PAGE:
USDA Reports Key To Trade Direction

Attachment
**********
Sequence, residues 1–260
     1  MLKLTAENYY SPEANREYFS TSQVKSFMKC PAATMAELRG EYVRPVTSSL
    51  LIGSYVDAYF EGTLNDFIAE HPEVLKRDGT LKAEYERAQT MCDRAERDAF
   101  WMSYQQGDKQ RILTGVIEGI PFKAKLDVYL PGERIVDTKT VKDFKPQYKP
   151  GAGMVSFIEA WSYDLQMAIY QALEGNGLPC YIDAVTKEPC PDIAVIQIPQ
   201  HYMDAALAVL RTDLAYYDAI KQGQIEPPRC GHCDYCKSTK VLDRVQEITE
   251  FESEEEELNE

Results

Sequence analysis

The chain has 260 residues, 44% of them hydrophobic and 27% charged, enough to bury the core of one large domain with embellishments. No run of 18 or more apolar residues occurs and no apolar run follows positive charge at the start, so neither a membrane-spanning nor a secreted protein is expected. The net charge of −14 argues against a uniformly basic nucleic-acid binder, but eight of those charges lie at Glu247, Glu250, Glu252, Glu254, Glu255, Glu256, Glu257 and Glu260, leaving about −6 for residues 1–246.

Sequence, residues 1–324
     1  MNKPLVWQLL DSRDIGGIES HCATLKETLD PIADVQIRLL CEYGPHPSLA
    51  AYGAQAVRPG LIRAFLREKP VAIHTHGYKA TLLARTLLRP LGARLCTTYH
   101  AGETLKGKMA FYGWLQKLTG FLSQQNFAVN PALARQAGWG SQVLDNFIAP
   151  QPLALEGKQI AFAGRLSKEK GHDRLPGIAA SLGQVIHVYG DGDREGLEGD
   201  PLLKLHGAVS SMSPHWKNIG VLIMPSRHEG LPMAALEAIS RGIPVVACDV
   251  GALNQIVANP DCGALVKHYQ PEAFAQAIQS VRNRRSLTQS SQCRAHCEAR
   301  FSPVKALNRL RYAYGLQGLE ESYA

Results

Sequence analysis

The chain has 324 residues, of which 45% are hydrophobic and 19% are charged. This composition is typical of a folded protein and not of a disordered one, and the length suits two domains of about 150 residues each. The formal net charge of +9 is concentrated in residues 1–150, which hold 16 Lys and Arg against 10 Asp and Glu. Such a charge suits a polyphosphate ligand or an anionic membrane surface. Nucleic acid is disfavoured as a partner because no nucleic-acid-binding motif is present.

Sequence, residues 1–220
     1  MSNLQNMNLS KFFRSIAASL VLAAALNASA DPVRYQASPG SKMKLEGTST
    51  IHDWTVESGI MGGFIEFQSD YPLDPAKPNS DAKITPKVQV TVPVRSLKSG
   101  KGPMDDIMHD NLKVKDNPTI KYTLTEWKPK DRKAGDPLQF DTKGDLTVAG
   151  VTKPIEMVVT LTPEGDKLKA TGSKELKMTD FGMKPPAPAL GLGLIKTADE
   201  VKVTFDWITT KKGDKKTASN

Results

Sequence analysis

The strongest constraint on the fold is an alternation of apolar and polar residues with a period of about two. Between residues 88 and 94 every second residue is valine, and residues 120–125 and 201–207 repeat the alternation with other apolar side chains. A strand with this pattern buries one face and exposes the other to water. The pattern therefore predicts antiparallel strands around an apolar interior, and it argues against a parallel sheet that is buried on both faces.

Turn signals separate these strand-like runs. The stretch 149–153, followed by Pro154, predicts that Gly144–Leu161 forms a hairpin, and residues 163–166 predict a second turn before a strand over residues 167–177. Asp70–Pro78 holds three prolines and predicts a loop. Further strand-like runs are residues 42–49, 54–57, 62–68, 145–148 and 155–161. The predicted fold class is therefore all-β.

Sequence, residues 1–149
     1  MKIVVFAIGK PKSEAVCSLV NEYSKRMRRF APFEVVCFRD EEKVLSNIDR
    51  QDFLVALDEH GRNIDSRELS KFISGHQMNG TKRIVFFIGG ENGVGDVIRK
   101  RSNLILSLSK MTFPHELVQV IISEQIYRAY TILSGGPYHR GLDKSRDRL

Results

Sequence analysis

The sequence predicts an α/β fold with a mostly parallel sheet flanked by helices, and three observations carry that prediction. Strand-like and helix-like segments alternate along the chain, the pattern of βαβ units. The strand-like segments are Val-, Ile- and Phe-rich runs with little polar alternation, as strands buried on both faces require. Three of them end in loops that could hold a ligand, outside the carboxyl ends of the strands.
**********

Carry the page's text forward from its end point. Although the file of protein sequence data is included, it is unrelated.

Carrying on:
3-31-14 – The key to commodity futures trading today will be the USDA’s Quarterly Stocks and Prospective Plantings reports, closely followed by Friday’s Quarterly Hogs and Pigs report.  The Hogs report was called bearish after its release Friday, and the March grains reports have a history of spawning volatile trading.\r\n\r\n   Pre-report surveys of trader expectations of 92.75 million planted acres of corn, down from 95.37 million last year; 81.08 million acres of soybeans, up from 76.53 million last year, and 56.28 million acres of wheat, up slightly from 56.16 million last year.\r\n\r\n   For March 1 stocks, traders estimated 7.099 billion bushels of corn, up from 5.4 billion last year; 985 million bushels of soybeans, down from 998 million, and 1.042 billion bushels of wheat, down from 1.235 billion.\r\n\r\n   The reports are scheduled for release at noon Eastern Time, and trading could be light and choppy until then.\r\n\r\n   Despite trader expectations for a decline in soybean stocks, market reports of interior basis levels are below a year ago, hinting that stocks aren’t as tight as they were a year ago.  And there is speculation that the USDA may have under-estimated last year’s crop size, which could be reflected in stocks.\r\n\r\n   Corn plantings are a question mark for many, as weather conditions may alter intentions.  Rain and cold soil temperatures already have hampered early planting in parts of the Delta and southern Midwest, and another storm is sweeping across the Dakotas and into the Midwest.\r\n\r\n \r\n\r\nLEAN HOGS EXPECTED LOWER\r\n\r\n \r\n\r\n   April lean hogs traded lower on profit taking ahead of the USDA’s Hog report, so much of the report’s bearish effect could already be in the market.  However, some were surprised as the herd size seemed to defy death losses from PEDv.  Some even expected prices to be down the daily limit today and possibly Tuesday.\r\n\r\n   The report showed 62.899 million total hogs, down 3% from a year ago.  This might be considered bullish except that traders were expecting only 61.493 million for a decline of 5.5%.\r\n\r\n   It was clear that producers were trying to compensate for PEDv losses with more farrowings.  The number of sows kept for breeding was 5.851 million head, about steady with a year ago and slightly higher than the trade estimate.\r\n\r\n   The number that may raise more conversation is the total kept for market at 57.048 million head, compared with the estimate of 55.683 million.  Either winter’s cold slowed growth rates and boosted the March 1 total, PEDv losses aren’t as great as thought or producers already are trying to breed their way past the issue.\r\n\r\n   There are some, however, who contend that since this report is as of March 1 and that PEDv reports keep coming in that the report already is behind the times as far as herd size and marketing numbers are concerned.\r\n\r\n \r\n\r\nCATTLE MARKETS COULD SEE SPILLOVER PRESSURE\r\n\r\n \r\n\r\n   Cattle and beef markets could see spillover pressure from the hog market adding to ideas that consumers will shy away from rising beef prices.  Wholesale beef tumbled hard last week, especially on Friday as the USDA reported its choice cutout value down $4.79 per cwt at $234.46 and its select cutout down $3.87 at $227.34.  For the week, choice was down $5.70, and select was off $6.32.\r\n\r\n   Weekly slaughter was 585,000 head versus 575,000 the previous week but down from last year’s 598,000.  Beef production was estimated at 465.4 million pounds, compared with 458.3 million a week ago and 470.1 million a year ago.\r\n\r\n   The CME Feeder Cattle Index for the seven days ended Thursday was $178.55, up $0.57 while the March futures contract settled Friday at $178.55, unchanged.\r\n\r\n \r\n\r\nIN OUR OPINION\r\n\r\n \r\n\r\n–After the initial bearish shock of the hog report hits, prices could rebound since actual numbers are lower than a year ago.\r\n\r\n–Cattle could be pressured by thoughts the market is nearing overbought territory on daily charts.\r\n\r\n–Ukrainian grain exporters will be hurt by cancellation of the Value Added Tax rebate as part of the IMF austerity package.\r\n\r\n–US/Russia agreement that Ukraine crisis needs diplomatic solution could calm investor nerves.